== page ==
and the subclass of all bijective . Throughout the article will denote the family of all two-dimensional copulas, the family of all doubly-stochastic measures (for background on copulas and doubly stochastic measures we refer to [6,22] and references therein). Furthermore, denotes the upper Fréchet Hoeffding bound, the product copula, and the lower Fréchet Hoeffding bound. Additionally, the completely dependent copula induced by a measure-preserving transformation will be denoted by (see , Definition 9). The family of all completely dependent copulas will be denoted by and the family of all mutually completely dependent copulas by . For every copula the corresponding doubly stochastic measure will be denoted by . As usual, denotes the uniform metric on , i.e.,
for every . It is well-known that is a compact metric space (see ).
In what follows, Markov kernels will play an important role. A mapping is called a Markov kernel from to if the mapping is measurable for every fixed and the mapping is a probability measure for every fixed . A Markov kernel is called regular conditional distribution of a (real-valued) random variable given (another random variable) if for every
holds -a.s. It is well-known that a regular conditional distribution of given exists and is unique -almost sure (where denotes the distribution of , i.e., the push-forward of via ). For every (a version of) the corresponding regular conditional distribution (i.e., the regular conditional distribution of given in the case that ) will be denoted by . Note that for every and Borel sets we have
For more details and properties of conditional expectations and regular conditional distributions we refer to [12,16]. Expressing copulas in terms of their corresponding regular conditional distribution yields metrics stronger than (see ) and defined by
To simplify notation we will also write . We will also work with , defined by
whereby denotes the transpose of . The metric can be seen as metrization of the so-called -convergence, introduced and studied in [18,19]. In , it is shown that is a complete and separable metric space with diameter 1/2 and that the topology induced by is strictly finer than the one induced by . For further background on and as well as for possible extensions to the multivariate setting we refer to [6,7, 10,27] and references therein.
where is the law of . In the copula setting, it is straightforward to verify that can be expressed in terms of and that holds. Both dependence measures attain values in and are 0 if and only if , and 1 if and only if is completely dependent.
Letting denote the generalized shuffle of w.r.t. the first coordinate, implicitly defined via the corresponding doubly stochastic measure by
Let be a -preserving bijection. Then and hold for every .
According to Lemma 3.1 in  for the Markov kernel of can be expressed as and for we obtain
which proves the assertion.□
In the sequel, we will also work with rearrangements  (see  for an elegant application of rearrangements in the copula context). We call the decreasing rearrangement of a Borel measurable function if it fulfills . The stochastically increasing (SI)-rearrangement of is then defined as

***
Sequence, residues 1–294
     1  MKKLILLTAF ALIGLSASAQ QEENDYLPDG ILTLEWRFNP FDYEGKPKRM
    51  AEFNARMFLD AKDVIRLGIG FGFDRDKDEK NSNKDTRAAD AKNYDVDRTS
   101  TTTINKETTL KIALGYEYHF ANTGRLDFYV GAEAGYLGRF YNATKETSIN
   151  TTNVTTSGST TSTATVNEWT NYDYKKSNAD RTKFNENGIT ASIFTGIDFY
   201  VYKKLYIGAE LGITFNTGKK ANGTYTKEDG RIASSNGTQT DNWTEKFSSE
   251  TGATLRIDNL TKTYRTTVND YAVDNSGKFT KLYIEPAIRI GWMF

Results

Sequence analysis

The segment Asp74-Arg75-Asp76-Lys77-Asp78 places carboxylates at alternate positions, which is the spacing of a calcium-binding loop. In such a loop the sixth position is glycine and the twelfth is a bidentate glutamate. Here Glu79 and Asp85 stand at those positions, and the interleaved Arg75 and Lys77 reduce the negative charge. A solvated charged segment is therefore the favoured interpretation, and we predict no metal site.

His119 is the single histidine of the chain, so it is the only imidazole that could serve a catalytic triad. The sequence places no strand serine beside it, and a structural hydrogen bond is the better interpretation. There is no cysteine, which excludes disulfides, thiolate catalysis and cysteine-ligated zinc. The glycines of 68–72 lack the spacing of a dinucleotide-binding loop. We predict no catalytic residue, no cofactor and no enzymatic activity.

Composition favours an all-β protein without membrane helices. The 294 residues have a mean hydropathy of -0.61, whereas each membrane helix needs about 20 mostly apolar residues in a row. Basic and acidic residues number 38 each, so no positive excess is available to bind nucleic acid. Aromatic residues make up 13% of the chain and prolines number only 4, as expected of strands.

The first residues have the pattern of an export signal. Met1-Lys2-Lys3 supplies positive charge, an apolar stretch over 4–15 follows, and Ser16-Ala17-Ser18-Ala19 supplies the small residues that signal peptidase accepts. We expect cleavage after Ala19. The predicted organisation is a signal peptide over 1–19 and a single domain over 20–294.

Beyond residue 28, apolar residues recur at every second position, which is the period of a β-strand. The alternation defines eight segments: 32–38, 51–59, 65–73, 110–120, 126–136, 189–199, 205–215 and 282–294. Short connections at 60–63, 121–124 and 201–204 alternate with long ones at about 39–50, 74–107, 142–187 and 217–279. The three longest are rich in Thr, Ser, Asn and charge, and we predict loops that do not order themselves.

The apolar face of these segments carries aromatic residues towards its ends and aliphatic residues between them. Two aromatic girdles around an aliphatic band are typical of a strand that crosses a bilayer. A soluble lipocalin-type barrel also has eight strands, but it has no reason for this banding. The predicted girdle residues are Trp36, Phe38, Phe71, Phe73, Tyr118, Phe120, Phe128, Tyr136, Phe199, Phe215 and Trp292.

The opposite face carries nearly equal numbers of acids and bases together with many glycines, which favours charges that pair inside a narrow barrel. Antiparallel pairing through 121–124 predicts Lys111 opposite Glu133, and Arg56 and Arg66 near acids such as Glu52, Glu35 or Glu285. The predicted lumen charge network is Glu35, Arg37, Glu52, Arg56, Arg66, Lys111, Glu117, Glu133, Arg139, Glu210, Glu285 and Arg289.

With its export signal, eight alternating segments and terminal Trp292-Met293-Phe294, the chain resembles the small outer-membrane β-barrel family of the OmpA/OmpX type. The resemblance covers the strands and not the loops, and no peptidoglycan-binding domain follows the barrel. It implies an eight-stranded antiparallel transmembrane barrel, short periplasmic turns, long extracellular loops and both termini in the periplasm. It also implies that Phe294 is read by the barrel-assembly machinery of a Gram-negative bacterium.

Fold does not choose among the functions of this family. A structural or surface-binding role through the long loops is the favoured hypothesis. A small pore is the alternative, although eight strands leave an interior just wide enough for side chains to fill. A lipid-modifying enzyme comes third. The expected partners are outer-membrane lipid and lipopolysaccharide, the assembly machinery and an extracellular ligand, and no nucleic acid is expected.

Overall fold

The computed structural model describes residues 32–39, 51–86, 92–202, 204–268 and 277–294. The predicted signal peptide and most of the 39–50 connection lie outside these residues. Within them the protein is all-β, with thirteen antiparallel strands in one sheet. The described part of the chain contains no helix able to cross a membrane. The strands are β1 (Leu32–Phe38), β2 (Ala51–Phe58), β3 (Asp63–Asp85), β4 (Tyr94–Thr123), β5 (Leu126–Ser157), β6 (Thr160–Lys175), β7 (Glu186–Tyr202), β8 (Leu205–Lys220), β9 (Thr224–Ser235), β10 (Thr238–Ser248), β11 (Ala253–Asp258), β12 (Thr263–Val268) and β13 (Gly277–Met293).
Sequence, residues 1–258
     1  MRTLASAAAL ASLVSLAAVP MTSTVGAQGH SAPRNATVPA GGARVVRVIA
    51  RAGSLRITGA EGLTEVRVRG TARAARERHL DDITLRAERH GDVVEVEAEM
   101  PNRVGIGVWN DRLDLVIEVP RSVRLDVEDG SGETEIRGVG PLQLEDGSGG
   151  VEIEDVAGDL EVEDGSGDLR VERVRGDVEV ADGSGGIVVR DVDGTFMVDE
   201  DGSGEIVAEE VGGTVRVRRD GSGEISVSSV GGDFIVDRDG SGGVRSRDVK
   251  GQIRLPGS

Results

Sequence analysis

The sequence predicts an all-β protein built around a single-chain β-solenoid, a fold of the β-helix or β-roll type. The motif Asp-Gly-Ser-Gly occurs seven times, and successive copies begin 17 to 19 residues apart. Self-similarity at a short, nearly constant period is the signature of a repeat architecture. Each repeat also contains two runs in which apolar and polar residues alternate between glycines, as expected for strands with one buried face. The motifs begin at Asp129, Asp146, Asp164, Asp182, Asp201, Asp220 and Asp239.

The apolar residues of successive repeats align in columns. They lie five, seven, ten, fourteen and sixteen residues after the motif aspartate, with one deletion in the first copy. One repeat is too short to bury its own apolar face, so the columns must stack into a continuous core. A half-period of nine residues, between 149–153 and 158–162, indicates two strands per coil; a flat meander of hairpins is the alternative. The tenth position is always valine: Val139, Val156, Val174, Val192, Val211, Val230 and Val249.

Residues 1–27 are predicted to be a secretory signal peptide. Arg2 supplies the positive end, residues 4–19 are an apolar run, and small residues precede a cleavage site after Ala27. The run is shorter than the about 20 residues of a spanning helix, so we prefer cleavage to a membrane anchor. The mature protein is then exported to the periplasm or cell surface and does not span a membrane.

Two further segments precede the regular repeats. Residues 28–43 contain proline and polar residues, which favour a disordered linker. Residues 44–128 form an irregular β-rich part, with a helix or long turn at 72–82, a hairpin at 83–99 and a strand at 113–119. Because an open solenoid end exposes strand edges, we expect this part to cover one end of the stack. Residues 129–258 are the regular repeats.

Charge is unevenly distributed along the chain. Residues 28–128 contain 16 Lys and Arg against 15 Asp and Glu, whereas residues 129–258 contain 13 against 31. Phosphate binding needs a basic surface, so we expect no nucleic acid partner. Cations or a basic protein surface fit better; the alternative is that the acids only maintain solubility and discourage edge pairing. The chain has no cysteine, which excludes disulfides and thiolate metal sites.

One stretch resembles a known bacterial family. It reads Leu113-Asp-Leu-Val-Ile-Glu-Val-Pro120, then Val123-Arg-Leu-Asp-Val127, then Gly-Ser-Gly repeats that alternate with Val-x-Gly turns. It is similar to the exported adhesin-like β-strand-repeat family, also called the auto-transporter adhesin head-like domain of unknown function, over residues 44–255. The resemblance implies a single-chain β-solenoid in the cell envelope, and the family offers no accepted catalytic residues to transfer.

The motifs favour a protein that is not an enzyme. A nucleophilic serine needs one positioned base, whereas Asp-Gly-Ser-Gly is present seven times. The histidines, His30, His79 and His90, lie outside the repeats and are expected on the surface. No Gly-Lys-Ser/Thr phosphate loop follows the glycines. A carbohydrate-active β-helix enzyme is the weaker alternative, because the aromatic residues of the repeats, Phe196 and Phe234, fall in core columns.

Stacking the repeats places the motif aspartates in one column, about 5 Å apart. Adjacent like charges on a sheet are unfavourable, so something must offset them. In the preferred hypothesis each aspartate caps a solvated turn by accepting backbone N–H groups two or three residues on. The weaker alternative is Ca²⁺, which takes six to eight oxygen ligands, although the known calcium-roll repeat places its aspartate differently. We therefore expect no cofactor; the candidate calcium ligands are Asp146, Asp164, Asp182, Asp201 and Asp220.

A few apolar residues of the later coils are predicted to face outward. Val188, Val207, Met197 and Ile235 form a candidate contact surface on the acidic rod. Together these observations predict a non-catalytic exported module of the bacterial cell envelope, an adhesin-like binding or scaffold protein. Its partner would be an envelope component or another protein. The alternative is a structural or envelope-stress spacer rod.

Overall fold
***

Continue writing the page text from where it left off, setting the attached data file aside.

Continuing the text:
whereby the rearrangement is applied on the first coordinate of , i.e., for every fixed the rearranged Markov kernel is defined via . In , it was shown that is an SI copula and both dependence measures and are invariant w.r.t. to the rearrangement, i.e., they fulfill and , respectively. Recall that a copula is called SI if there exists a Borel set with such that for any the mapping is non-increasing on . The family of all SI copulas will be denoted by . For further information we refer to  and references therein.
Given a new copula denoted by can be constructed via the so-called star/Markov product (see ) by
where denotes the partial derivative of with respect to the first coordinate. The star product is always a copula, i.e., no smoothness assumptions on are required. Translating to the Markov kernel setting the star product corresponds to the well-known composition of Markov kernels and the following lemma holds:
 Suppose that and let denote the Markov kernels of A and B, respectively. Then the Markov kernel , defined by
is a regular conditional distribution of .
3 Maximal -asymmetric copulas and their extent of dependence with respect to and
Since ordinal sums will play an important role in what follows, we briefly recall their definition. We follow  and let be some finite index set, be a family of non-overlapping intervals with for each such that holds. Furthermore, denotes a family of bivariate copulas. Then the copula defined by
is an ordinal sum, and we write . The following lemma gathers some useful formulas for and , which will be used in the sequel.
Let be an ordinal sum with for some . Then
whereby f and g are given by and , respectively.
The definition of yields
for every . Using the fact that (without loss of generality) the Markov kernel of is 0 below the squares and 1 above , and applying change of coordinates yields
Analogously, we obtain
with as in the theorem.□
As a direct consequence, the dependence measure of ordinal sums can easily be expressed in terms of :
Let be an ordinal sum with for some . Then
holds, where f is defined according to Lemma 3.1 and only depends on the partition.
The following example shows that ordinal sums can be used to construct copulas attaining every possible dependence value w.r.t. to and .